Far too many audiophiles get worked up posing and defending arguments about what is the absolute best high-fidelity equipment extant. I suspect that the loudest voices are not particularly objective, tied as they often are to the validation of their own purchases. Check out the blogs -- it can be crazy out there.
Calm down, people. High-performance audio can and should elicit passion, but that passion needs to be grounded in common sense, balance, and a systems-oriented approach. I’ll let you in on a little secret: There is no “best” out there, at least in any absolute or blanket sense.
Last month I wrote about the super products that I’d buy without hesitation. Those wallet-busting components ranged from $15,000 to $165,000 USD -- not chump change to anyone I know. But put them in your listening room and you’ll be rewarded with the best sound that money can presently buy. But even when their prices are set aside, they aren’t the most practical audio components. Each Magico Q7 loudspeaker weighs 750 pounds, and the Gryphon Mephisto amplifier isn’t exactly light at 250 pounds.
Thank goodness you can get great sound without having to spend huge sums of money and/or housing a multi-ton system.
So assuming that cost is an object -- as it is for most of us -- here are some of the products I’d buy today. It might surprise you to see just how little compromise you need to make in high-value, high-end audio gear. These products aren’t necessarily cheap, but each offers huge value within its product genre; and their prices fall below -- sometimes far below -- those listed in last month’s column.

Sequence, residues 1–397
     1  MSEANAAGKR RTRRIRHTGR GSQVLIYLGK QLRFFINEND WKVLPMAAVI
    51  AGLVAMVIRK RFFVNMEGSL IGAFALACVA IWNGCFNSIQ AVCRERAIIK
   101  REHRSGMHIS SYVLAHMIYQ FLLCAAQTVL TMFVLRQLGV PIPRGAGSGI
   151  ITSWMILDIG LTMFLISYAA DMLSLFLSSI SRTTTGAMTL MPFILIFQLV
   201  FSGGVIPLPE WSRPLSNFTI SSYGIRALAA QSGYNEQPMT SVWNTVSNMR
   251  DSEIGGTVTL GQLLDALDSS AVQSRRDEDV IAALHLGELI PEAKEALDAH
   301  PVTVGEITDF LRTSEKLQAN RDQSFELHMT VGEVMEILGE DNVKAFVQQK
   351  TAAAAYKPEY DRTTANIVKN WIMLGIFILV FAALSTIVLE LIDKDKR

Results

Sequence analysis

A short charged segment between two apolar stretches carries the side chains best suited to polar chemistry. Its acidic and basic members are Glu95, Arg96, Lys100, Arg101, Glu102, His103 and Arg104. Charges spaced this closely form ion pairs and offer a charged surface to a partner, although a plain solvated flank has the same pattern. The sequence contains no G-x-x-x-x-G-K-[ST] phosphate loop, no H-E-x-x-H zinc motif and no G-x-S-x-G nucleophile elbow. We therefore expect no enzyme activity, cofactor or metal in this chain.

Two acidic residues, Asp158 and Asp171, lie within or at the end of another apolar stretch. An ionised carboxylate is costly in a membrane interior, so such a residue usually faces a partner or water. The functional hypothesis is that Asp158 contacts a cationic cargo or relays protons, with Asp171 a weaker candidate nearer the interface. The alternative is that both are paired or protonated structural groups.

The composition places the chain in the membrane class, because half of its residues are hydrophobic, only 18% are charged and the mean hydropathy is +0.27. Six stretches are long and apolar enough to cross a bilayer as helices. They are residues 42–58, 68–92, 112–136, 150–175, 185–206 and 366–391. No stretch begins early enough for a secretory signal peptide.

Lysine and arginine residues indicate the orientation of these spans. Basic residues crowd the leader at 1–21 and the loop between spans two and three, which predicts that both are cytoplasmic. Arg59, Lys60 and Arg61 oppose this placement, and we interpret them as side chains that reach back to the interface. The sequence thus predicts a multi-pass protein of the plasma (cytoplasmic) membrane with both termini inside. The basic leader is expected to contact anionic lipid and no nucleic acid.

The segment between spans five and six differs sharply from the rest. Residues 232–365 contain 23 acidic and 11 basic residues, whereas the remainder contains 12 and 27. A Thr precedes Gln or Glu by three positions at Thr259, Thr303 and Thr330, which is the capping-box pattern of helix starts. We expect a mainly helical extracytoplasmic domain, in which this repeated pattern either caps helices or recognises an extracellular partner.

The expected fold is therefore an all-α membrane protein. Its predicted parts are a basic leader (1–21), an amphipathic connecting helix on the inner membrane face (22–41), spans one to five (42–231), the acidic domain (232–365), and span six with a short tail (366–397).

The longer I review high-end audio gear -- I’ve been doing it going on 15 years now -- the less inclined I am to buy it. You’d think it would be the opposite. After all, I’m exposed to an endless supply of the best products available. Do I cherry-pick review samples for myself? Of course. Being the editor-in-chief of the SoundStage! Network has its privileges, and I regularly exercise them when it comes to selecting products for my own use. It helps to have at my disposal the Music Vault listening room, a sonically neutral lab in which to audition the best components extant. So, yes, I get the best stuff, and it’s a blast to do this “job.” (I should also mention that I see my fair share of mediocre products, and the occasional real dog that doesn’t deserve the time it would take to pan it. But that’s another story for another time.)
The July/August issue of Positive Feedback Online includes an article by Teresa Goodwin titled "Why I’m a Subjectivist." She begins by proclaiming, "In our world of music enjoyment there are subjectivists and objectivists. I’m a subjectivist." Her definitions are thus: "Objectivists believe in a dictatorial unyielding totalitarianism of science over human interaction with music. Subjectivists believe in total freedom to enjoy music however one chooses, without any scientific validation."
It was December of 2006. I’d flown into New York’s LaGuardia Airport from Wilmington, North Carolina, and got stuck there for what seemed like days (but was actually only half a day). I was on my way to visit Andrew Payor, of Rockport Technologies, in Rockport, Maine, who would give me a tour of his facilities. I would then listen to his current line of loudspeakers. I would then have the most pivotal experience of my audiophile life.
All contents available on this website are copyrighted by SoundStage!® and Schneider Publishing Inc., unless otherwise noted. All rights reserved.
This site was designed by Rocket Theme, Karen Fanas, and The SoundStage! Network.
To contact us, please e-mail email@example.com